Der Feldherr Guiddo Riccio da Fogliano im Palazzo Pubblico in Siena, Johann Anton Ramboux, after Simone Martini
Johann Anton Ramboux, Simone Martini
Der Feldherr Guiddo Riccio da Fogliano im Palazzo Pubblico in Siena
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Johann Anton Ramboux
afterSimone Martini

Der Feldherr Guiddo Riccio da Fogliano im Palazzo Pubblico in Siena, 1818 – 1843

209 x 299 mm
Inventory Number
Bib. 2472
Object Number
Bib. 2472 I 28B
Acquired in 1868
Can be presented in the study room of the Graphische Sammlung (special opening hours)

Work Data

Basic Information

Der Feldherr Guiddo Riccio da Fogliano im Palazzo Pubblico in Siena
Part Number / Total
2 / 3
Production Place
Period Produced
Object Type
Geographic Reference
Production Reason
Label at the Time of Manufacture
Bezeichnet oben rechts (mit Bleistift): Lo dicono de Simone; mittig: ANO O XXVIII; unten links: 1328
Captions Added Later
Bezeichnet oben rechts (mit Bleistift): 186
  • Nicht geprüft

Property and Acquisition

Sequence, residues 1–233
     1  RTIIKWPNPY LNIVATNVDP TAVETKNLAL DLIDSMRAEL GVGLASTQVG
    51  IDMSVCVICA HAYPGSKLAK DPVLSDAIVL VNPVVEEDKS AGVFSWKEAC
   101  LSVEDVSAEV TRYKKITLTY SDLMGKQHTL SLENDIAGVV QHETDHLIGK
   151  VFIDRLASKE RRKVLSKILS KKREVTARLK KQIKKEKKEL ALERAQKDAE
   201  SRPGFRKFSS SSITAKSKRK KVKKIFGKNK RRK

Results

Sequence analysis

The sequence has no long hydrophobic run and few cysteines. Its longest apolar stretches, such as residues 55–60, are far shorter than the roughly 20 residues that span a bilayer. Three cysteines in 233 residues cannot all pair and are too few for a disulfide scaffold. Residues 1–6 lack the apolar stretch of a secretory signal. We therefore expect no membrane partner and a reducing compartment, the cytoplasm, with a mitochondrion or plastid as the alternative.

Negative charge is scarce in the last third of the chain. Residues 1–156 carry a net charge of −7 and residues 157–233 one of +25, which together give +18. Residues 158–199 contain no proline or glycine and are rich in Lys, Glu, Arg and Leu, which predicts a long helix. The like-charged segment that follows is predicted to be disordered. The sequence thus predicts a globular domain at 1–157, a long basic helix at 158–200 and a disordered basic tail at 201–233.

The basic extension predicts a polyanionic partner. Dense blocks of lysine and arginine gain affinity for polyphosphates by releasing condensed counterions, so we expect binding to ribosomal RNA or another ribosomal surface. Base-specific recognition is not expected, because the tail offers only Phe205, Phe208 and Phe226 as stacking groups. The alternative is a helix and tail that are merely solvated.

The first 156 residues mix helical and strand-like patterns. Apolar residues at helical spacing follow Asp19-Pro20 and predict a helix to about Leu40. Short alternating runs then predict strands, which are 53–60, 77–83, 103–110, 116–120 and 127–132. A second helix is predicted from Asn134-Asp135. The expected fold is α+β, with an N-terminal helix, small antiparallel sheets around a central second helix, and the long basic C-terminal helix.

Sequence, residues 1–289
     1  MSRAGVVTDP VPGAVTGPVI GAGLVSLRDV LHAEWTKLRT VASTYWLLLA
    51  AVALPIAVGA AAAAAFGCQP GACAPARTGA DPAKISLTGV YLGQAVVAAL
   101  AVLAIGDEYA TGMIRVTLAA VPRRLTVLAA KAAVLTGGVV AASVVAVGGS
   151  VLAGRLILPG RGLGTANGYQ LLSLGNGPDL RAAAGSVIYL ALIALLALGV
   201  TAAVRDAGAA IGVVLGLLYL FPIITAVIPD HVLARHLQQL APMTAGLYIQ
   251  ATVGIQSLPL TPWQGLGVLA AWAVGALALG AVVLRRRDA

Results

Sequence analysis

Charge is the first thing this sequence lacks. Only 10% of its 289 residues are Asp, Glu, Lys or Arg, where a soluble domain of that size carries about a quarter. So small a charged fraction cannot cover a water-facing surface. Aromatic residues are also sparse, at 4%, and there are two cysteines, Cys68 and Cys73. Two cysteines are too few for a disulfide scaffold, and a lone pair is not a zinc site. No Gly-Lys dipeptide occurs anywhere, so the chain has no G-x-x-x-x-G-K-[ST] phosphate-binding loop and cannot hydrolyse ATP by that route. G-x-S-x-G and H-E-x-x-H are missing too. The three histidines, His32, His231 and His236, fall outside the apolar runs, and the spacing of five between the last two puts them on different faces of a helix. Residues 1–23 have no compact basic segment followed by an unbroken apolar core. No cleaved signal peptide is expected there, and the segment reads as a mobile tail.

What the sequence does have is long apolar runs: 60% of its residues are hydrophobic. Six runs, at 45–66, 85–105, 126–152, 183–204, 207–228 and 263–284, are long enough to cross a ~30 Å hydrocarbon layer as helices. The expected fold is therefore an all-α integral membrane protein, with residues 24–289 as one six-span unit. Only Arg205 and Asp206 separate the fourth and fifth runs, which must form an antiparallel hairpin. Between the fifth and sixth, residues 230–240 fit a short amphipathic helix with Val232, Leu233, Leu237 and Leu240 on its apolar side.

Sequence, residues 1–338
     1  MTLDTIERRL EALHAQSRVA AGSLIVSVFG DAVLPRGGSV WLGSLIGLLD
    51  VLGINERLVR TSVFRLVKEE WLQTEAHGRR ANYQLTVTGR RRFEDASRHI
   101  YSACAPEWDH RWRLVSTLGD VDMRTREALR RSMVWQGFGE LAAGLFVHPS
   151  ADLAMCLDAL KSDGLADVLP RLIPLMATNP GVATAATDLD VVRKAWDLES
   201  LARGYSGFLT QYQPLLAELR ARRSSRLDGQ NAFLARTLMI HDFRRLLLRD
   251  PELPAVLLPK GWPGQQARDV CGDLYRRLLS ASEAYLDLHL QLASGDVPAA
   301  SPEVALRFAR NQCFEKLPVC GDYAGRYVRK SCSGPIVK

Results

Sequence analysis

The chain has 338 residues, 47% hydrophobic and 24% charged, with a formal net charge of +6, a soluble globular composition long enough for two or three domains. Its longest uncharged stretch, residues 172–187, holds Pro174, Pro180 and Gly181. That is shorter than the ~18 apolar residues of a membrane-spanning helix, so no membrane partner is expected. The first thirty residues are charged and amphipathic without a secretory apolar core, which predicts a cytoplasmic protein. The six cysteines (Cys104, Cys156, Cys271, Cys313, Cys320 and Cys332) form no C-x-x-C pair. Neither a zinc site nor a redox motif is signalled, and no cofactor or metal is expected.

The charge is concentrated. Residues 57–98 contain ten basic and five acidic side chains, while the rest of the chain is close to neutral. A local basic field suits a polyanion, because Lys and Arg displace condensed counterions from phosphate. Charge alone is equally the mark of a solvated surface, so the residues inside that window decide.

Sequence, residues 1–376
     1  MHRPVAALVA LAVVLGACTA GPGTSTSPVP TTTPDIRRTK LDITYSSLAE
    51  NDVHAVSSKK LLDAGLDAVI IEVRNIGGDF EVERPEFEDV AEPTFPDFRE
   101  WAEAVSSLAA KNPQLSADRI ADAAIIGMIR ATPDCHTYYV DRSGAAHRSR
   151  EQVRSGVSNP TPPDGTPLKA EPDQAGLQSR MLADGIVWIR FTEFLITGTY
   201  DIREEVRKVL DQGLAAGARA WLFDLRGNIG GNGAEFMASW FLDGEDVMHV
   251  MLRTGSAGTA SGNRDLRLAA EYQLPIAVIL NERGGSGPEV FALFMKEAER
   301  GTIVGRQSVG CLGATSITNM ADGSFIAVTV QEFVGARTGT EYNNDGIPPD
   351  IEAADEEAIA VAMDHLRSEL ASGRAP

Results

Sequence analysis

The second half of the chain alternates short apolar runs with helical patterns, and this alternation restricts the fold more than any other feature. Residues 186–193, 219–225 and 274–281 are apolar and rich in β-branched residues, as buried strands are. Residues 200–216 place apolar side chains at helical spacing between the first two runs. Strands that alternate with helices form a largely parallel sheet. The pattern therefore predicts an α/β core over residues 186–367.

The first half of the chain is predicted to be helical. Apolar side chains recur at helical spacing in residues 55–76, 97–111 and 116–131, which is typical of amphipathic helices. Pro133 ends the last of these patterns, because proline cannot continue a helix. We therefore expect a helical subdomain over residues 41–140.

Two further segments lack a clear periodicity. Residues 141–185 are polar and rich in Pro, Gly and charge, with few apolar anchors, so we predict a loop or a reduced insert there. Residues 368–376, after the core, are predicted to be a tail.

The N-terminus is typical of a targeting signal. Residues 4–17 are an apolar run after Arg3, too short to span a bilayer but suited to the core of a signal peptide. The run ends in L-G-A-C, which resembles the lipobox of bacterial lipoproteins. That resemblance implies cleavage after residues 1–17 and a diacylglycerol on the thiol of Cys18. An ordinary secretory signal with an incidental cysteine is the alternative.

Städel Museum, Frankfurt am Main
Picture Copyright
Public Domain
Acquired in 1868

Work Content

Motifs and References


  • 61B2 historical persons
  • 41A12 castle
  • 45C41 (military) camp with tents
  • 46C131 riding a horse, ass, or mule; rider, horseman
  • 45D311 commander-in-chief, general, marshal

Research and Discussion


Object History
Johann Anton Ramboux (1790-1866)
Nachlass Johann Anton Ramboux, 1866
Versteigerung durch J.M. Heberle (H. Lempertz), Köln, 23.5.1867 an Ferdinand Prestel, Frankfurt am Main, 1867
verkauft an das Städelsche Kunstinstitut, Frankfurt am Main, 1868.


Since 2001, the Städel Museum has systematically been researching the provenance of all objects that were acquired during the National Socialist period, or that changed owners or could have changed owners during those years. The basis for this research is the “Washington Declaration”, also known as the “Washington Conference Principles”, formulated at the 1998 “Conference on Holocaust-Era Assets” and the subsequent “Joint Declaration”.

The provenance information is based on the sources researched at the time they were published digitally. However, this information can change at any time when new sources are discovered. Provenance research is therefore a continuous process and one that is updated at regular intervals.

Ideally, the provenance information documents an object’s origins from the time it was created until the date when it found its way into the collection. It contains the following details, provided they are known:

  • the type of acquisition and/or the way the object changed hands
  • the owner's name and place of residence
  • the date on which it changed hands

The successive ownership records are separated from each other by a semicolon.

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